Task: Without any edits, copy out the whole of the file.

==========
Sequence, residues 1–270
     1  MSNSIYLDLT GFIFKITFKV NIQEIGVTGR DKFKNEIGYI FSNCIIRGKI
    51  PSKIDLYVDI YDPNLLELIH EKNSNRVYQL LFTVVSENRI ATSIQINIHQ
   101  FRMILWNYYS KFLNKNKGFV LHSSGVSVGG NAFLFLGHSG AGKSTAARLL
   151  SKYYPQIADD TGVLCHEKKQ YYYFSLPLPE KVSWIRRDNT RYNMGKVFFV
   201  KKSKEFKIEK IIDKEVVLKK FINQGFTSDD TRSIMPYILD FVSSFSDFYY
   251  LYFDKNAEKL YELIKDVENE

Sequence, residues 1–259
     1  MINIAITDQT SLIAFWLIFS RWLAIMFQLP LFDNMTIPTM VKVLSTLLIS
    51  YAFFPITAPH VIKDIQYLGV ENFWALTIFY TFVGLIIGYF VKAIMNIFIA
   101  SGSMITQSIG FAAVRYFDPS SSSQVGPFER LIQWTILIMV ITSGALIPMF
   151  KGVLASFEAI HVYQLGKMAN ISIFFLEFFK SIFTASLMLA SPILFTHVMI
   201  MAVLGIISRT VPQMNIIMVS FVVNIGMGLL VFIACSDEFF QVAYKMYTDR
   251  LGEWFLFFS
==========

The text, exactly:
Sequence, residues 1–270
     1  MSNSIYLDLT GFIFKITFKV NIQEIGVTGR DKFKNEIGYI FSNCIIRGKI
    51  PSKIDLYVDI YDPNLLELIH EKNSNRVYQL LFTVVSENRI ATSIQINIHQ
   101  FRMILWNYYS KFLNKNKGFV LHSSGVSVGG NAFLFLGHSG AGKSTAARLL
   151  SKYYPQIADD TGVLCHEKKQ YYYFSLPLPE KVSWIRRDNT RYNMGKVFFV
   201  KKSKEFKIEK IIDKEVVLKK FINQGFTSDD TRSIMPYILD FVSSFSDFYY
   251  LYFDKNAEKL YELIKDVENE

Sequence, residues 1–259
     1  MINIAITDQT SLIAFWLIFS RWLAIMFQLP LFDNMTIPTM VKVLSTLLIS
    51  YAFFPITAPH VIKDIQYLGV ENFWALTIFY TFVGLIIGYF VKAIMNIFIA
   101  SGSMITQSIG FAAVRYFDPS SSSQVGPFER LIQWTILIMV ITSGALIPMF
   151  KGVLASFEAI HVYQLGKMAN ISIFFLEFFK SIFTASLMLA SPILFTHVMI
   201  MAVLGIISRT VPQMNIIMVS FVVNIGMGLL VFIACSDEFF QVAYKMYTDR
   251  LGEWFLFFS